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How many cases of foodborne disease are there in the United States?
An estimated 76 million cases of foodborne disease occur each year in the United States. The great majority of these cases are mild and cause symptoms for only a day or two. Some cases are more serious, and CDC estimates that there are 325,000 hospitalizations and 5,000 deaths related to foodborne diseases each year. The most severe cases tend to occur in the very old, the very young, those who have an illness already that reduces their immune system function, and in healthy people exposed to a very high dose of an organism.
By Nancy Goodyear, Robert DeMatteo, Daniel Warden, Jason Marshall
A surface disinfecting study conducted by the University of Massachusetts Lowell, Lowell, MA, is noteworthy in that it demonstrated consistent disinfection of surfaces by application of TANCS® steam vapor even when using a variety of different cloth or textile applicators. The data was presented by Dr. Nancy Goodyear - Department of Clinical Laboratory and Nutritional Sciences, Toxics Use Reduction Institute, University of Massachusetts Lowell, Lowell, MA - during a poster conference, “The Effect of Fabric Softeners on Disinfection by the AVT MondoVap 2400” at the National Environmental Health Association (NEHA) AEC Conference, Friday, June 29, 2012, in San Diego CA.
The MondoVap 2400 (Advanced Vapor Technologies, AVT, Everett, WA) is a dry steam vapor system for sanitation and cleaning various surface types in homes, schools, and other institutions. This high temperature (-240° F at nozzle tip), low moisture (5 - 6% water) system requires no chemicals, only tap water. The device has been shown to be effective at disinfecting a wide range of microorganisms, including C. difficile spores and MS2 bacteriophage, a non-enveloped virus surrogate. The recommended procedure when using the larger cleaning attachments is to wrap the tool head with a cotton towel and to launder towels with laundry detergent, but without fabric softener. Users may not follow this recommendation. The purpose of this project was to compare the performance of cotton and microfiber towels when washed without fabric softener, with liquid fabric softener, and with dryer sheets.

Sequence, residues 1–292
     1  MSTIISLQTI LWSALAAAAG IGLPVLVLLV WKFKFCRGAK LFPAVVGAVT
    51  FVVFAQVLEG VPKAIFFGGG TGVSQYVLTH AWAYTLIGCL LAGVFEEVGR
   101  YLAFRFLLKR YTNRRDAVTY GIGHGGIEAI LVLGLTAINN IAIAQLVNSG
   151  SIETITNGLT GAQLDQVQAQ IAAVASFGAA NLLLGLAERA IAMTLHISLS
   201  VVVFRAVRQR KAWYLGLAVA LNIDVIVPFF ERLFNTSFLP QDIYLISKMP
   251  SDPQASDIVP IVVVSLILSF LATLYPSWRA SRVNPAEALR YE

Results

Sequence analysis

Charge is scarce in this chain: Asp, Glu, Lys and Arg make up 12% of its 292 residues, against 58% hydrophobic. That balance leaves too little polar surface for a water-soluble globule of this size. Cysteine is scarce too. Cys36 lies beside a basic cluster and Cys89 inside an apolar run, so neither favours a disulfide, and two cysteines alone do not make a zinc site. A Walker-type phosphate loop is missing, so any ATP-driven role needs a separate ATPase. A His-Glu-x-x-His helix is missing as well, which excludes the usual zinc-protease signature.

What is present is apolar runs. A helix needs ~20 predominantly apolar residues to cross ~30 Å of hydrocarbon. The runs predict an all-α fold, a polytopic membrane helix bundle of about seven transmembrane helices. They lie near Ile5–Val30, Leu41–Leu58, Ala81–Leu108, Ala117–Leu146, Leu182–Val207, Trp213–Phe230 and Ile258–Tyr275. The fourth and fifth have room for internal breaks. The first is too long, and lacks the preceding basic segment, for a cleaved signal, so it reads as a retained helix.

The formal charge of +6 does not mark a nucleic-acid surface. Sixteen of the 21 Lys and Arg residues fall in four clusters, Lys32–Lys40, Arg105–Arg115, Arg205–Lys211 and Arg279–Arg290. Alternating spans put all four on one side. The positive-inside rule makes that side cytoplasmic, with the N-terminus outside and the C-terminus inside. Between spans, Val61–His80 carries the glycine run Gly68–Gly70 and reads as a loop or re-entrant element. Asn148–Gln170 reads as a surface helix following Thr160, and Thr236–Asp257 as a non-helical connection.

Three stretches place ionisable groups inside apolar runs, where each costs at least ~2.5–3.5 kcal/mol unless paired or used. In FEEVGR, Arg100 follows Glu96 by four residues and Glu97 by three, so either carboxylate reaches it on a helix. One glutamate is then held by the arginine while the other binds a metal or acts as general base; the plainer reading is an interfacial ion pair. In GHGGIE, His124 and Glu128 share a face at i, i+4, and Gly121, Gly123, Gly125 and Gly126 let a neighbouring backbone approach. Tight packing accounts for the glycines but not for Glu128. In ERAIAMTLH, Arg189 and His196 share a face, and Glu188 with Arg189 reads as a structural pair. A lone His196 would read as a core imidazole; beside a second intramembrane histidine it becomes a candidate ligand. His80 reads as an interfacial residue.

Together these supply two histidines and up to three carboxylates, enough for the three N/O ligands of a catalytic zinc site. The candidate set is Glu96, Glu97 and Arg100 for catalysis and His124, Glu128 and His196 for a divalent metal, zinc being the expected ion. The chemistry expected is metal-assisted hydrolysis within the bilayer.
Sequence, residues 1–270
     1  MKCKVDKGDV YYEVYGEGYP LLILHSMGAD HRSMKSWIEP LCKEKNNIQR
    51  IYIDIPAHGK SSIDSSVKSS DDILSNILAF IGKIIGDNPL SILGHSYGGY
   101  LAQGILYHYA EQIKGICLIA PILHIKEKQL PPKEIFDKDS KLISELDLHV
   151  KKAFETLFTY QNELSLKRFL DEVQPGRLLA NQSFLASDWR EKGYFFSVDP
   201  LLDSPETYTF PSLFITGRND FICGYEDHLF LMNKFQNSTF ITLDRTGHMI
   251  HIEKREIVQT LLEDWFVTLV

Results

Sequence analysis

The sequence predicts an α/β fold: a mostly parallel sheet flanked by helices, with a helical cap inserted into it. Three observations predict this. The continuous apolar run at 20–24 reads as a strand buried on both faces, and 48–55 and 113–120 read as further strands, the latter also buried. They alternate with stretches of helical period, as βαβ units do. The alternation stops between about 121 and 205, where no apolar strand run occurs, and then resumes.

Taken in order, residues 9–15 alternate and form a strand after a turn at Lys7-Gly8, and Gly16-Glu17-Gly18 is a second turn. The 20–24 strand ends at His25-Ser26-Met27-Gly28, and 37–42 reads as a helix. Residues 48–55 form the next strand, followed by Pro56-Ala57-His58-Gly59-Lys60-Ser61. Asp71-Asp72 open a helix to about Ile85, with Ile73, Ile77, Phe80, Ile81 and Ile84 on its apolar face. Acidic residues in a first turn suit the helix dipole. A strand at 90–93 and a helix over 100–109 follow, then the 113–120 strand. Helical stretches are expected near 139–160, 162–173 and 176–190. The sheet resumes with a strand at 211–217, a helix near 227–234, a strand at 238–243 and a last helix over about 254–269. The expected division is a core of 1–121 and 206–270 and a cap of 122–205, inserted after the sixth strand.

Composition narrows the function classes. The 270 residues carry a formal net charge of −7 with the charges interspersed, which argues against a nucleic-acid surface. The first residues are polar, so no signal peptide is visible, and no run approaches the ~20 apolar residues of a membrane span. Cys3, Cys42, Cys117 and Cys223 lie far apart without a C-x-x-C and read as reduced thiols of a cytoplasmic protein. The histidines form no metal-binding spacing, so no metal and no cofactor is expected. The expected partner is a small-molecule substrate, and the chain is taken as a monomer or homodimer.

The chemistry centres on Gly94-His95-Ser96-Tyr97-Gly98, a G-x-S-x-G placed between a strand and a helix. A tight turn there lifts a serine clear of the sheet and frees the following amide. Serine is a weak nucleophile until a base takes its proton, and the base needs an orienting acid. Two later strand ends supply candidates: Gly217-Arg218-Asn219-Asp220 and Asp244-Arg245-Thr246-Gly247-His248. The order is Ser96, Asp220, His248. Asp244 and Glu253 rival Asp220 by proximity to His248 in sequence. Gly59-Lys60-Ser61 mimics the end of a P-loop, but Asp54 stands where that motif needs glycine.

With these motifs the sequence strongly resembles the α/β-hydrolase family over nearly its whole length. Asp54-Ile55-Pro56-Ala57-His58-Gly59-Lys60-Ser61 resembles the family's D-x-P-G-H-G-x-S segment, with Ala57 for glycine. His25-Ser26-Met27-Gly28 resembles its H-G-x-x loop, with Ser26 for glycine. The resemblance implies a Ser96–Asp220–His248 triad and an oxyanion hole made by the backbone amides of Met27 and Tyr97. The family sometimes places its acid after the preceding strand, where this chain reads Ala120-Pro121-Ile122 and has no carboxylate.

Cotton towels were supplied by AVT. Quickie Clean Results microfiber cloths were purchased commercially (Quickie Mfg. Corp., Cinnaminson, NJ). Separate groups of cotton towels and microfiber cloths were laundered 10X using a standard household washer and dryer. One set of each was laundered with only laundry detergent, a second set with Ultra Downey Free and Sensitive liquid fabric softener, and a third set with Bounce Free and Sensitive dryer sheets (both Proctor & Gamble).
An overnight culture of E. coil (ATCC 21214) or S. aureus (6538) were spotted onto stainless steel coupons and air-dried. Coupons were cleaned for 5 seconds using the towel-wrapped triangular tool head. Cleaned coupons were placed in 15 mL PBS and mixed on a wrist action shaker for 5 minutes to ensure complete removal of any residual microorganisms. PBS aliquots were serially diluted and spread plated on TSA. After overnight incubation, colony counts were performed. Each test was performed in triplicate and positive (uncleaned) and negative (sterile) control coupons were tested with each run.
Results and Conclusion
All tests resulted in a 5 log reduction with 100% kill for both E. coil and S. aureus. Laundering cotton or microfiber towels with liquid fabric softener or dryer sheets had no impact on disinfection by the AVT MondoVap 2400.
This work was partially supported by Advanced Vapor Technologies (Everett, WA).
Nancy Goodyear - 1
Robert DeMatteo - 2
Daniel Warden - 2
Jason Marshall - 3
1 - Department of Clinical Laboratory and Nutritional Sciences, University of Massachusetts Lowell, Lowell, MA
2 - Department of Biological Sciences, University of Massachusetts Lowell, Lowell, MA
3 - Toxics Use Reduction Institute, University of Massachusetts Lowell, Lowell, MA
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